The Beretta 92 (also Beretta 96 and Beretta 98) is a series of semi-automatic pistols designed and manufactured by Beretta of Italy. The model 92 was designed in 1972 and production of many variants in different calibers continues today. The United States Armed Forces replaced the Model 1911A1 .45 ACP pistol in 1985 with the military spec Beretta 92F, the M9. Beretta currently produces the pistol in four different configurations (FS, G, D and DS) and four calibers: 9×19mm Parabellum, .40 S&W, 9×21mm IMI and 7.65mm.
The Beretta 92 pistol evolved from earlier Beretta designs, most notably the M1922 and M1951. From the M1922 comes the open slide design, while the alloy frame and locking block barrel (originally from Walther P38) were first used in the M1951. The grip angle and the front sight integrated with the slide were also common to earlier Beretta pistols. What were perhaps the Model 92's two most important advanced design features had first appeared on its immediate predecessor, the 1974 .380 caliber Model 84. These improvements both involved the magazine, which featured direct feed; that is, there was no feed ramp between the magazine and the chamber (a Beretta innovation in pistols). In addition, the magazine was a "double-stacked" design, a feature originally introduced in 1935 on the 9mm FN/Browning "Hi-Power".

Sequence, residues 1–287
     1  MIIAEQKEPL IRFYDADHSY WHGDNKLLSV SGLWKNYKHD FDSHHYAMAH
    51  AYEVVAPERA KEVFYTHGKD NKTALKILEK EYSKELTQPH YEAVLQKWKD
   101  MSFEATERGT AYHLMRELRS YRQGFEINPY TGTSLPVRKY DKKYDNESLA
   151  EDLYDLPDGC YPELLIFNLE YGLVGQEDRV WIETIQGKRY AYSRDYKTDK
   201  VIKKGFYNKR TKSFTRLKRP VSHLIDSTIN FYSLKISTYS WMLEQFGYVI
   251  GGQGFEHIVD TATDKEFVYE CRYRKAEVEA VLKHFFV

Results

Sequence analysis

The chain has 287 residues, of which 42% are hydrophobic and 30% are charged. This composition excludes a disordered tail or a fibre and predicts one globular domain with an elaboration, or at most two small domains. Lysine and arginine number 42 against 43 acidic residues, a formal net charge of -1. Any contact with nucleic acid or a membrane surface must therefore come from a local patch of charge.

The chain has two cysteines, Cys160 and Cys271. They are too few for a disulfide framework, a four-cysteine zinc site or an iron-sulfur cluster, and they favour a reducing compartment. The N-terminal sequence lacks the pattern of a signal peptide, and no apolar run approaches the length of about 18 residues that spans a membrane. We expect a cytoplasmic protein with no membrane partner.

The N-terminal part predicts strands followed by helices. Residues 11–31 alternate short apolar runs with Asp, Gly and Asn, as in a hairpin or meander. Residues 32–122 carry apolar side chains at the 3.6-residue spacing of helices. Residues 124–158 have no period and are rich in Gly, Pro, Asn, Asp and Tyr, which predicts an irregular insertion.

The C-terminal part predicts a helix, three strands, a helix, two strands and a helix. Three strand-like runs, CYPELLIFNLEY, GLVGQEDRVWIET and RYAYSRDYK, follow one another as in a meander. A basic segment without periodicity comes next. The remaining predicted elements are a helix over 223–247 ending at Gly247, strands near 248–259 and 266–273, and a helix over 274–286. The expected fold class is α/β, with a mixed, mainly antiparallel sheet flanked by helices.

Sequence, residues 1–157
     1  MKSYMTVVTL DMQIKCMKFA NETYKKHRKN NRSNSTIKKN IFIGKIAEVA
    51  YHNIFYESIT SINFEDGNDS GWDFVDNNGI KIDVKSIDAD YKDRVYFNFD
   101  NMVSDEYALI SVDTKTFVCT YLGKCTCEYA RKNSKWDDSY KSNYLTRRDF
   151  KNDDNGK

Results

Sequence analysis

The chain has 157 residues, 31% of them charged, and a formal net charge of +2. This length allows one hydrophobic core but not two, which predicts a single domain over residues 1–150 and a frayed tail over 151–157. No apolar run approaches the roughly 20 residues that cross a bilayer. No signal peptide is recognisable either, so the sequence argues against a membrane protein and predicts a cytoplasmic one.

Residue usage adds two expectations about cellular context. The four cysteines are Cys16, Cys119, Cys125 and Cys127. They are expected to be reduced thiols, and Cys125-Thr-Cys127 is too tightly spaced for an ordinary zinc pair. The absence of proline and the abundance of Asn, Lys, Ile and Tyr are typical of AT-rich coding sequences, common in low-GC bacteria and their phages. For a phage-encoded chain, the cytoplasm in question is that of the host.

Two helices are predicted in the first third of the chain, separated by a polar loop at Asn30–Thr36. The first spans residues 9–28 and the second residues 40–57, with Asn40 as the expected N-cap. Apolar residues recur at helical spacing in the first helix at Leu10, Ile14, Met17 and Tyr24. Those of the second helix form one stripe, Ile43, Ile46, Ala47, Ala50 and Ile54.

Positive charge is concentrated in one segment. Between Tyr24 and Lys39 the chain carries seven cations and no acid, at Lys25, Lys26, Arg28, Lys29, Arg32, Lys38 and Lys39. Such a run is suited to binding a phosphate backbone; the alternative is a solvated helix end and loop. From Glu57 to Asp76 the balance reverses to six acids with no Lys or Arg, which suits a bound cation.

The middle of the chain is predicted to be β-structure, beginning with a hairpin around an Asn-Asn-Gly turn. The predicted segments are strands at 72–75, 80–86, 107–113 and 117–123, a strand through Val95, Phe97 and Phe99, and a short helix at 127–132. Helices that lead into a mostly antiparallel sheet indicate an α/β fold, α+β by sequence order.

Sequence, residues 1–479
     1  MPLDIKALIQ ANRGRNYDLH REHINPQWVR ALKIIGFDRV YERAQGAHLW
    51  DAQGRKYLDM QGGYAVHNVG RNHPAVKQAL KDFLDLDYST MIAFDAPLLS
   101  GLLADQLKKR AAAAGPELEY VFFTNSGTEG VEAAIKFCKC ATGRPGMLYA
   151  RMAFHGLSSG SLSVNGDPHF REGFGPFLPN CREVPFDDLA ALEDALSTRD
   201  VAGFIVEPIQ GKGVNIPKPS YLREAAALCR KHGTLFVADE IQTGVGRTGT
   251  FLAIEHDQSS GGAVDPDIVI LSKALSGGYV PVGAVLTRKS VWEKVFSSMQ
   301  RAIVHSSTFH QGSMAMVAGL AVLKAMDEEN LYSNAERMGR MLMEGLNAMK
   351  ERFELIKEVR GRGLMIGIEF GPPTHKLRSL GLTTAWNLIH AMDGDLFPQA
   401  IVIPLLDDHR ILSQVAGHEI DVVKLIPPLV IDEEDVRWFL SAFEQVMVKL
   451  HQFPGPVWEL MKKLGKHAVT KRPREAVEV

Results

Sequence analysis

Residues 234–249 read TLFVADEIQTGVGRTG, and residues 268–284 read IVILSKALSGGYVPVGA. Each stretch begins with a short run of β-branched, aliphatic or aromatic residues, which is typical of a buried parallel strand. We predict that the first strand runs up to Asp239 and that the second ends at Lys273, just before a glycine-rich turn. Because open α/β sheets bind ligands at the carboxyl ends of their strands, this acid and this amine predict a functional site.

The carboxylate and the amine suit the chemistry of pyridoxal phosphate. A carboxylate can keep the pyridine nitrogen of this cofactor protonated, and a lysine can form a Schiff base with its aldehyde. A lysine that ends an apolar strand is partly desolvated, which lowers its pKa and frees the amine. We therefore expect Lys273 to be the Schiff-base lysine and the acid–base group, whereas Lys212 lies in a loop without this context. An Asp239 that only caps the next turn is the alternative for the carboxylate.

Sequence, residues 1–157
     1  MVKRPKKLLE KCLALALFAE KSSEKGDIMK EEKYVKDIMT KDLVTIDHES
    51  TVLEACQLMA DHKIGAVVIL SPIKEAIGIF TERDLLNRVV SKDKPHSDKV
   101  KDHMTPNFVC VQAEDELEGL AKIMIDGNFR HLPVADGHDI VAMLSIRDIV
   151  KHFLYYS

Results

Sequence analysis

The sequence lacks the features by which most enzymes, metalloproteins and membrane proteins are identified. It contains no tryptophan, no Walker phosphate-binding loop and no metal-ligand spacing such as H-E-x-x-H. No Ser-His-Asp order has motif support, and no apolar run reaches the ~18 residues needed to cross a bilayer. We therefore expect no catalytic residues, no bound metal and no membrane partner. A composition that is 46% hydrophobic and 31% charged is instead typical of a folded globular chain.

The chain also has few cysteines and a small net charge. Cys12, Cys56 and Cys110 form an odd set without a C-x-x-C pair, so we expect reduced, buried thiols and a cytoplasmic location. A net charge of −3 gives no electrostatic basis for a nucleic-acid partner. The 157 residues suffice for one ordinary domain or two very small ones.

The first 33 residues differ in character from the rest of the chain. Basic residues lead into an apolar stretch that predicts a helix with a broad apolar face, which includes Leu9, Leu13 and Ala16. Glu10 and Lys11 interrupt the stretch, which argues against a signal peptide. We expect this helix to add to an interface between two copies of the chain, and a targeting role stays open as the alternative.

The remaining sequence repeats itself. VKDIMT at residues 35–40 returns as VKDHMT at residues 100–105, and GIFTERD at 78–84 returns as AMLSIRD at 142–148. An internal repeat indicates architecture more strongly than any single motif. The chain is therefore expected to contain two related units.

Carlo Beretta, Giuseppe Mazzetti and Vittorio Valle, all experienced firearms designers, contributed to the final design in 1975.
Each model name starts with two digits identifying the caliber:
- 92: Chambered for the 9×19mm Parabellum.
- 93R: Chambered for the 9×19mm Parabellum as above, but capable of semi-auto, or three round burst. The pistol was originally equipped with a 13-round magazine and a 20-round magazine, as well as detachable butt stock. The "R" stands for "Raffica", which is Italian for "burst".
- 96: Chambered for the .40 S&W, introduced in 1990.
- 98F: Chambered for 9×21mm IMI. This option was introduced in 1987 for markets where it is illegal to own a weapon chambered for a military cartridge such as 9×19mm; essentially, this is the case of Italy. There were also about 5000 early 98F manufactured in .30 Luger.
|Place of origin||Italy|
|In service||1976 – present|
|Used by||See Users|
|Manufacturer||Fabbrica d'Armi Pietro Beretta|
|Rate of fire||40 RPM|
|Muzzle velocity||381 m/s (1,250 ft/s)|
|Effective firing range||50 m (160 ft)|
Detachable box magazine: